Human Becoming Theory in Patient-Nurse Relationships

The theory of human becoming was developed at the end of the 20th century. The theory places the major stress on patients’ quality of life as well as relationships between nurses and patients. The medical and biological aspects are not the priority. One of the central assumptions of this theory is that the universe is indivisible and everchanging (Smith & Parker, 2014). This postulate means that humans are a part of the universe, so the environment plays a major role in their lives. In simple terms, nurses should take into account the environment when providing care. Nursing practitioners should also remember that each of their interactions with patients affects the latter and their decisions. It is also necessary to remember that the environment is changing quite quickly, which calls for changes in approaches, methods, and tools used to provide care.

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As for my daily practice, the theory in question can be applied in many cases, or rather it can guide the entire practice. Working with women during such a significant (as well as dangerous, painful, emotionally difficult, etc.) period of their lives, nurses should be able to develop proper relationships with patients. Women in the labor and delivery department often feel nervous and sometimes desperate, so nurses should try to make them feel comfortable to avoid any complications. Notably, the theory helps nurses identify various aspects to take into account as nursing is not confined to medical and emotional or spiritual domains (Bournes & Mitchell, 2013). Nurses should take into account these aspects, but they should also pay attention to their patients’ environment (presence of their close ones, emotional state in different situations, needs, plans, family issues, availability of resources (health insurance package), fears, hopes, and so on). The nursing practitioner should help the woman to shift from her present state to a new stage in her life. The improvement of patients’ quality of life is the major priority. Another priority is respect. Nurses should respect patients’ freedom and choices they make. This part of the nursing practice can be the most difficult as it is associated with the need to solve numerous ethical dilemmas.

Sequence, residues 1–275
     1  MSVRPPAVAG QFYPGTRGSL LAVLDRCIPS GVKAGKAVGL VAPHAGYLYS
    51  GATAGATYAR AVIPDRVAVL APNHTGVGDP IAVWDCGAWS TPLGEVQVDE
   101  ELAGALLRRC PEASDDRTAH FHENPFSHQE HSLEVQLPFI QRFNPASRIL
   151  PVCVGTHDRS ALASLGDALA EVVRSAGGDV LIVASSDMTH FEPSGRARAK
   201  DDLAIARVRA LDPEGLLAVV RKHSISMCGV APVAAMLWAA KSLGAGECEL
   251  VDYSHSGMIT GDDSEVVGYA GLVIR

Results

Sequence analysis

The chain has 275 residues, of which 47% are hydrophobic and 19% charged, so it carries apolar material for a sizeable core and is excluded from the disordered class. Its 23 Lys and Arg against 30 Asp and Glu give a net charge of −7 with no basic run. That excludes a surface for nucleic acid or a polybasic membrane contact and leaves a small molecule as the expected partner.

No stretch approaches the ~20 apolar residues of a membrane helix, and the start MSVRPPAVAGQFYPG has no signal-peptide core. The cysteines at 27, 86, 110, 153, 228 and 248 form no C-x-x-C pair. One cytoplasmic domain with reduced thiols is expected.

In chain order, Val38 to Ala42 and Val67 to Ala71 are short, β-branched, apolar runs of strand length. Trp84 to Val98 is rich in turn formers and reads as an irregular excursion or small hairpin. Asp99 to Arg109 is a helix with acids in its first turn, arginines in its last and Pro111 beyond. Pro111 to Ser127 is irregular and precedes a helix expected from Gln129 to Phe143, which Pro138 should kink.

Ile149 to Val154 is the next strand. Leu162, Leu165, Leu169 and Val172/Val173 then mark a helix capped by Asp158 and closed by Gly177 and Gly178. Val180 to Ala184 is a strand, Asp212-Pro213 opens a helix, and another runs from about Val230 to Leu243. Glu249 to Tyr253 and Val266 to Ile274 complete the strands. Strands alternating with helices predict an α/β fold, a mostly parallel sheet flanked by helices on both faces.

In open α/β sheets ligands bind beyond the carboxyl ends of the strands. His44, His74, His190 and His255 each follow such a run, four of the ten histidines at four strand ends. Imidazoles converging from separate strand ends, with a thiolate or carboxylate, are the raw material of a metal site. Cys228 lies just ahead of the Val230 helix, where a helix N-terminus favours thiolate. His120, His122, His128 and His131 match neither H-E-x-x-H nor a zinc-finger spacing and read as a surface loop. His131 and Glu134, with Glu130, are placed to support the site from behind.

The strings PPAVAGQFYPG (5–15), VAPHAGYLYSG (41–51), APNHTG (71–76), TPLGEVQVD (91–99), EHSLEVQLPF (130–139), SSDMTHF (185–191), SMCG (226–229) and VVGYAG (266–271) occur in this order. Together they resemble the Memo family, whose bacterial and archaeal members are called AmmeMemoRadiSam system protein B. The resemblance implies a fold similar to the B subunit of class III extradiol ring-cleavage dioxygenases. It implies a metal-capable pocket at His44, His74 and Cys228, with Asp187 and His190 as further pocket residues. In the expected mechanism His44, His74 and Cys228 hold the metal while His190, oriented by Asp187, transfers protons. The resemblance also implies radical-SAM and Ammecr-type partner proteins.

The theory will also be useful when I become a nursing leader. The application of the theory will transcend the domain of nurse-patient relationships and will affect the interactions with other healthcare professionals. Every nurse interacts with other practitioners. When applying the theory of human becoming to this area, the nurse will try to develop effective relationships with other healthcare professionals. Empathy will be a key component of these relationships. However, the nursing leader will apply the theory in a slightly different way. The focus will still be on relationships. At that, such aspects as hospital’s policies and regulations, employees’ traits and family issues, working environment, and the like will be taken into account. The nursing leader will try to facilitate the development of a friendly atmosphere in the working place. Regular meetings will include the discussion of patient satisfaction, patients’ health outcomes, as well as their present quality of life, and ways to improve it. The nursing leader will encourage and even inspire other healthcare professionals to apply the theory of human becoming in their daily practice. To achieve this goal, the nurse will have to use different approaches to try new methods due to the changeability of the environment. The application of this theory can be a difficult task, but it is likely to translate into better outcomes for all stakeholders.

References

Bournes, D. A., & Mitchell, G. J. (2013). Parse’s theory of humanbecoming in nursing practice. In M. R. Alligood (Ed.), Nursing theory: Utilization & application (pp. 368-394). St. Louis, MO: Elsevier Mosby.

Smith, M., & Parker, M. (2014). Nursing theories and nursing practice (4th ed.). Philadelphia, PA: F. A. Davis Company.

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StudyCorgi. (2021) 'Human Becoming Theory in Patient-Nurse Relationships'. 13 January.

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